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Rebellion Record: a Diary of American Events: Documents and Narratives, Volume 8. (ed. Frank Moore) 296 8 Browse Search
Admiral David D. Porter, The Naval History of the Civil War. 64 0 Browse Search
Harper's Encyclopedia of United States History (ed. Benson Lossing) 54 0 Browse Search
James Barnes, author of David G. Farragut, Naval Actions of 1812, Yank ee Ships and Yankee Sailors, Commodore Bainbridge , The Blockaders, and other naval and historical works, The Photographic History of The Civil War: in ten volumes, Thousands of Scenes Photographed 1861-65, with Text by many Special Authorities, Volume 6: The Navy. (ed. Francis Trevelyan Miller) 48 0 Browse Search
William F. Fox, Lt. Col. U. S. V., Regimental Losses in the American Civil War, 1861-1865: A Treatise on the extent and nature of the mortuary losses in the Union regiments, with full and exhaustive statistics compiled from the official records on file in the state military bureaus and at Washington 44 0 Browse Search
Benson J. Lossing, Pictorial Field Book of the Civil War. Volume 3. 24 0 Browse Search
Robert Underwood Johnson, Clarence Clough Buell, Battles and Leaders of the Civil War. Volume 4. 22 0 Browse Search
Southern Historical Society Papers, Volume 3. (ed. Reverend J. William Jones) 20 0 Browse Search
Adam Badeau, Military history of Ulysses S. Grant from April 1861 to April 1865. Volume 2 18 0 Browse Search
Adam Badeau, Military history of Ulysses S. Grant from April 1861 to April 1865. Volume 3 18 0 Browse Search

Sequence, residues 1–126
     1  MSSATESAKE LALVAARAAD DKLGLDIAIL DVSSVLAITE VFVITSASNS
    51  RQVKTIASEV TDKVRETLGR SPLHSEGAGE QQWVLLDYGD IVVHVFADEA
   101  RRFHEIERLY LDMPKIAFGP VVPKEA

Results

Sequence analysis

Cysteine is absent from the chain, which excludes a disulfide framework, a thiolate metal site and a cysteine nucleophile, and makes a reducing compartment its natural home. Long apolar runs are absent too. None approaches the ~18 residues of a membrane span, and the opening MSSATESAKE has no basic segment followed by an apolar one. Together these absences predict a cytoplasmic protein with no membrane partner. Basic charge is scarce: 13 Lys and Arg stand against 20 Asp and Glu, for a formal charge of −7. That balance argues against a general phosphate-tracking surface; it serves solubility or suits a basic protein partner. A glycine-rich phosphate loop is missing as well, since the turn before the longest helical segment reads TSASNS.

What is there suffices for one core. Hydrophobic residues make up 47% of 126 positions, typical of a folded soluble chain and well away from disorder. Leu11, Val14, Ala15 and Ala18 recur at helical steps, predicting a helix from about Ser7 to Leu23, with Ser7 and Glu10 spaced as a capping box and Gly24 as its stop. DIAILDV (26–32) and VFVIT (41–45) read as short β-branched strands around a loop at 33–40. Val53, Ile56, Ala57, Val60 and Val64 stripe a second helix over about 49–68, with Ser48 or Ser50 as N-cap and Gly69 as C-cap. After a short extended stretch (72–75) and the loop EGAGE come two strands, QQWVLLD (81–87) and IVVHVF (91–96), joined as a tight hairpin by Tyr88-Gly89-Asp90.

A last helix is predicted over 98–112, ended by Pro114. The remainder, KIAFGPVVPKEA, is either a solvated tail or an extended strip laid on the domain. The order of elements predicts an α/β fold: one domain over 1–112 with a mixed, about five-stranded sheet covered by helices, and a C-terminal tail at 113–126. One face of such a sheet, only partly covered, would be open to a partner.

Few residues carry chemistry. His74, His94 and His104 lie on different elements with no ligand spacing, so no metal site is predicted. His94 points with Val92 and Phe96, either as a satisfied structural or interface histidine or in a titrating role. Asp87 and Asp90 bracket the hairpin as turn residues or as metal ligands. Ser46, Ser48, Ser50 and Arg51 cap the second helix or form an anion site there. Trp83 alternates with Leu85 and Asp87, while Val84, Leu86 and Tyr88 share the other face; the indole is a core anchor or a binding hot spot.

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Browsing named entities in Admiral David D. Porter, The Naval History of the Civil War.. You can also browse the collection for Mobile Bay (Alabama, United States) or search for Mobile Bay (Alabama, United States) in all documents.

Your search returned 32 results in 5 document sections:

Admiral David D. Porter, The Naval History of the Civil War., Chapter 20: a brave officer's mortification.--history set right. (search)
y mentioned to the Department. In the former, you are reported as leading the right column in the gun-boat Cayuga, as having preceded me up to the quarantine station, and as having captured the Chalmette regiment, and every possible credit is given you for the manner in which you conducted your line, and preceding us to attack the Chalmette forts. As to historians, I can, of course, do nothing. I have read but one account to which you allude (Dr. Boynton's), and that in reference to Mobile Bay, in which several mistakes occur, going to prove that historians are not always correct. I do not see how it is possible for me to give you greater credit for your services than is embodied in that report where your name is always prominent; but if you think that full credit has not been done you, which I confess, I regret to learn, you have, of course, a perfect right to make your appeal to the Department; for my own part, I always maintain the conviction that whatever errors may be ma
Admiral David D. Porter, The Naval History of the Civil War., Chapter 40: (search)
ntil the Sassacus drifted out of range. While the Sassacus was in contact with the Albemarle, it was impossible for the other vessels of the squadron to fire, for fear of injuring their consort; but they subsequently failed to take advantage of the act of the gallant Sassacus, and deliver blows upon the ram while she was at rest and somewhat demoralized from the shock she had received. It was by such concerted action that the Tennessee was forced to surrender to Farragut's vessels in Mobile Bay. The failure of the larger vessels to ram the Albemarle is accounted for by the indiscriminate firing from the smaller ones upon the enemy. These latter vessels answered the signals made by the senior officer, without obeying them. The engagement continued until 7:30 P. M., when darkness supervened. The Commodore Hull and the Ceres were left to keep sight of the ram, and to remain off the mouth of the Roanoke River if she succeeded in entering it, the other vessels coming to anchor i